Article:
Pattern Of Mosaic Attenuation

A mosaic pattern of attenuation with patchy areas of increased and decreased attenuation is nonspecific and may be seen on HRCT when various infiltrative lung, airway, or vascular diseases are present. When this pattern is caused by regional differences in perfusion due to vascular diseases, it is also known as mosaic perfusion [37] or mosaic oligemia [38]. In cases of infiltrative lung disease, mosaic attenuation results from patchy areas of ground-glass attenuation and interposed normal lung parenchyma. In cases of airway disease, the mosaic pattern results from reflex vasoconstriction secondary to hypoventilation of alveoli distal to airway obstruction and blood flow redistribution to adjacent normal areas of lung. Air trapping in the abnormal lung may also contribute to the reduced attenuation. Infiltrative lung disease and airway disease may be differentiated reliably as the cause of mosaic attenuation on HRCT, whereas vascular disease is often misinterpreted as infiltrative lung disease or airway disease [39].

In infiltrative lung disease, the size of vessels within the areas of ground-glass attenuation is usually similar to that of uninvolved lung, allowing distinction from airway and vascular disease in the majority of cases. In cases of airway and vascular diseases, areas of increased attenuation have relatively large vessels, while areas of decreased attenuation have small vessels [40,41].

Airway diseases that can cause mosaic attenuation can often be recognized by the presence of bronchial dilatation, seen in more than 70% of patients with airway abnormalities [39]. Although air trapping allows early recognition of airway abnormalities, it is not helpful as an isolated finding in the distinction of airway disease from other causes of mosaic attenuation because it can also be seen in patients with infiltrative lung disease and vascular disease [39]. However, when patients are suspected to have small airway disease, isolated air trapping on expiratory HRCT (often with normal inspiratory HRCT) is highly suggestive of asthma or obliterative bronchiolitis (Fig. 11).

In cases of vascular disease, it has been suggested that all areas of the lung, whether they show decreased or increased attenuation, demonstrate the expected increase in attenuation at expiration [40]. However, in a study by Worthy et al. [39], this was not a reliable criterion, as air trapping was also seen in patients with vascular disease. Acute vascular occlusion, resulting in

Figure 11 Obliterative bronchiolitis. (A) Inspiratory HRCT of a 40-year-old woman with a heart transplant and decreasing pulmonary function shows no evidence of bron-chiolitis. (B) Expiratory HRCT of the same patient in A shows a mosaic pattern of lung attenuation. The lucent areas of lung represent air trapping. Note anterior bowing of posterior membranous trachea on expiration, a normal finding.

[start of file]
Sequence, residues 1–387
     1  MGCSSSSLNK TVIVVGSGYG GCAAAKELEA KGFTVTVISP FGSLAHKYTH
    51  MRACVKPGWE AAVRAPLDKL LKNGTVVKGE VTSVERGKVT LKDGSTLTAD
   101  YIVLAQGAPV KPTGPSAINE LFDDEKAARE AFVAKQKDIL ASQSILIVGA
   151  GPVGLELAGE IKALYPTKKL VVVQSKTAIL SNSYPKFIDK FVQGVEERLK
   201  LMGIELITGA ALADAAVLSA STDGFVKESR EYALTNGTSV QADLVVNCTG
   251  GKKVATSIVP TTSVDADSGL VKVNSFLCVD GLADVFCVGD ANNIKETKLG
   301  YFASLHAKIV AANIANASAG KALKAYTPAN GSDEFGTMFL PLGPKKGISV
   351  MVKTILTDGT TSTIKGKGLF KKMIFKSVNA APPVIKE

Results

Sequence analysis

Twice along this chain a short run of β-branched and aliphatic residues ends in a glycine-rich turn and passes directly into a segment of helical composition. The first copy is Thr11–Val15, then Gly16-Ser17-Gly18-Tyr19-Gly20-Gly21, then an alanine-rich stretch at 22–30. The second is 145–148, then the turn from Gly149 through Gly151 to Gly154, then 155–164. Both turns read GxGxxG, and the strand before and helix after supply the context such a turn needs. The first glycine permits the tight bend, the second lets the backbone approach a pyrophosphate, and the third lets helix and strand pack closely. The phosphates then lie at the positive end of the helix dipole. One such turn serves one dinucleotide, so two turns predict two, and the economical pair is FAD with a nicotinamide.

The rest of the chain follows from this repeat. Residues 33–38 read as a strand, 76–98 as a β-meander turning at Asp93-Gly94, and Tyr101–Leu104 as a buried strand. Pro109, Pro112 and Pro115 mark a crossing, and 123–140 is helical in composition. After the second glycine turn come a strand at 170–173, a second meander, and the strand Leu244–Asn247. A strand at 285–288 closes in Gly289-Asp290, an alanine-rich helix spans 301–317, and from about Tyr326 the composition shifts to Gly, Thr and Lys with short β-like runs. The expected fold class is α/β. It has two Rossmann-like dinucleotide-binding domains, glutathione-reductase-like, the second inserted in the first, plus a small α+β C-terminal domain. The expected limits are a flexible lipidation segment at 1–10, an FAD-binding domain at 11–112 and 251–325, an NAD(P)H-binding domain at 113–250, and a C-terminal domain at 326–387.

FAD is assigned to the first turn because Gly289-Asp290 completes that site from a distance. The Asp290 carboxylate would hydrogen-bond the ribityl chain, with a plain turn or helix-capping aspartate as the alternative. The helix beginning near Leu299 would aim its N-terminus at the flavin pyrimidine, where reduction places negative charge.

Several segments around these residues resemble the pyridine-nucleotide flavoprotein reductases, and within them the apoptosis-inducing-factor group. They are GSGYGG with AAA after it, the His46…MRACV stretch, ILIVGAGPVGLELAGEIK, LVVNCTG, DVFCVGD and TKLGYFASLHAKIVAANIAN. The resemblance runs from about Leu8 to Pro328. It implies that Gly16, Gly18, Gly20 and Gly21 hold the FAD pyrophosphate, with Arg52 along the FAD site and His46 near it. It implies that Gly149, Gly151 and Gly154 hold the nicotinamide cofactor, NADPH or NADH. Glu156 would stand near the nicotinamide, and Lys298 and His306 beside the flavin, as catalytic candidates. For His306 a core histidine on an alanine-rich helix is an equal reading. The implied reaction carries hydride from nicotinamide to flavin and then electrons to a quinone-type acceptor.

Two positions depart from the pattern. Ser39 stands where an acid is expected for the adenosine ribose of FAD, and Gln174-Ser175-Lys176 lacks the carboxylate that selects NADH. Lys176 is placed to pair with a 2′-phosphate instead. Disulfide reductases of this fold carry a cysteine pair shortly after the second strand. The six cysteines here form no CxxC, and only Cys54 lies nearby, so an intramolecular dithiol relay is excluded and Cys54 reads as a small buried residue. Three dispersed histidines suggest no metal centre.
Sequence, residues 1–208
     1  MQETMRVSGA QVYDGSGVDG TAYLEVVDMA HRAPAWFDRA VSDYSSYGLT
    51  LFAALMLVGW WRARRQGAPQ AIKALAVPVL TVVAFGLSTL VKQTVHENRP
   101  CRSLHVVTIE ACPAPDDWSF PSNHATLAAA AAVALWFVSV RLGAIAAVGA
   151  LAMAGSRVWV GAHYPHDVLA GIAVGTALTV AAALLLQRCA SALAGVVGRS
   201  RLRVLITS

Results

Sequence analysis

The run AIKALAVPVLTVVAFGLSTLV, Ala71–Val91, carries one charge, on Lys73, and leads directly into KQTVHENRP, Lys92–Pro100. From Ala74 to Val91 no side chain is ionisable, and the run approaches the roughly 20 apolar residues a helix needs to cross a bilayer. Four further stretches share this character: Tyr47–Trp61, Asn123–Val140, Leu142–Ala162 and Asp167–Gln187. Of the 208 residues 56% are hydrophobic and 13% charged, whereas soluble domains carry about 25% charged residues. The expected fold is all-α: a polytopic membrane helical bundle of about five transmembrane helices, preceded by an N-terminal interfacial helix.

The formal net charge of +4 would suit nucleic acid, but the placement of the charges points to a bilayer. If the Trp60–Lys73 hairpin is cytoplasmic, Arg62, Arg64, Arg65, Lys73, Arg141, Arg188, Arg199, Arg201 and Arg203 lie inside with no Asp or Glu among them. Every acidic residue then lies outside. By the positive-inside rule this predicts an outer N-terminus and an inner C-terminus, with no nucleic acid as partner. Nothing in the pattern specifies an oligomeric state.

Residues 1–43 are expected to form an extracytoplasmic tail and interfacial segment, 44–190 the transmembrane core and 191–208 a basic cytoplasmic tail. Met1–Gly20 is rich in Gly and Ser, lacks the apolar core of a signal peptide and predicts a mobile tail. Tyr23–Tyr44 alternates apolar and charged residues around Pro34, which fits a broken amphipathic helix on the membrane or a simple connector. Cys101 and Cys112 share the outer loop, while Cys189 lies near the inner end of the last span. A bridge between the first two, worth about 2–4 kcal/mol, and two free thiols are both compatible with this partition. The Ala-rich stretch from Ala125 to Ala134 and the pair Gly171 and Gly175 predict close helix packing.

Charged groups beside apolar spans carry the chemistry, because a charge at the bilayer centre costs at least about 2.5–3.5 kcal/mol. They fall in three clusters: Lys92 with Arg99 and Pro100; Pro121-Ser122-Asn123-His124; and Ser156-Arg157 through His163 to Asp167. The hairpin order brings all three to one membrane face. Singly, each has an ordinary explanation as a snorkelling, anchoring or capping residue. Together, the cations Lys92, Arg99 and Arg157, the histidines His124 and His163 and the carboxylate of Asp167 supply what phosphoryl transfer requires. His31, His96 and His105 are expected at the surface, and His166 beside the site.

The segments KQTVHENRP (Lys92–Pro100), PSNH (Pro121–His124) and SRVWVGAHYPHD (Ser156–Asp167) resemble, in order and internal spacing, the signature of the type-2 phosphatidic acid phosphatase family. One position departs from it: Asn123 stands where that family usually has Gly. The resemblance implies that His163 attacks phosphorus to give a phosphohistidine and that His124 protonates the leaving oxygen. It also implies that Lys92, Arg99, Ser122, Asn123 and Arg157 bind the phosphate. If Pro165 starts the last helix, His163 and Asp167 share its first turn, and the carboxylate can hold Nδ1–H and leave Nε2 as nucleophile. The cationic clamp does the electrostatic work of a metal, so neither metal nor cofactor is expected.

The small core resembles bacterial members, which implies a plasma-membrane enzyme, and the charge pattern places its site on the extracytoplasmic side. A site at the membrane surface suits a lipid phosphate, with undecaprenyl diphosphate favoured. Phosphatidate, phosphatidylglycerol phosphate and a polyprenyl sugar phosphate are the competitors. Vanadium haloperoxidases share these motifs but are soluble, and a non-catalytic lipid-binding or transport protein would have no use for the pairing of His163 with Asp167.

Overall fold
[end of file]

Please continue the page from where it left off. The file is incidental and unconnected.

Figure 11 Obliterative bronchiolitis. (A) Inspiratory HRCT of a 40-year-old woman with a heart transplant and decreasing pulmonary function shows no evidence of bron-chiolitis. (B) Expiratory HRCT of the same patient in A shows a mosaic pattern of lung attenuation. The lucent areas of lung represent air trapping. Note anterior bowing of posterior membranous trachea on expiration, a normal finding.

a reduced arterial carbon dioxide concentration in the affected lung, can stimulate bronchoconstriction of small airways. Air trapping can then be seen in the affected areas of lung owing to the presence of bronchoconstriction. Bronchial dilatation has also been shown to be a common finding in patients with chronic pulmonary thromboembolism [42]. In the majority of cases of vascular dis-

Figure 12 Chronic thromboembolic disease. (A) Helical CT with intravenous contrast material of a 27-year-old man with a history of deep venous thrombosis, shortness of breath, and elevated pulmonary artery pressures shows eccentric clot along the posterior wall of the right pulmonary artery (arrowheads) and clot in the lower lobe branches bilaterally (arrows). (B) HRCT with lung windowing of the same patient in A shows mosaic perfusion.

Figure 12 Chronic thromboembolic disease. (A) Helical CT with intravenous contrast material of a 27-year-old man with a history of deep venous thrombosis, shortness of breath, and elevated pulmonary artery pressures shows eccentric clot along the posterior wall of the right pulmonary artery (arrowheads) and clot in the lower lobe branches bilaterally (arrows). (B) HRCT with lung windowing of the same patient in A shows mosaic perfusion.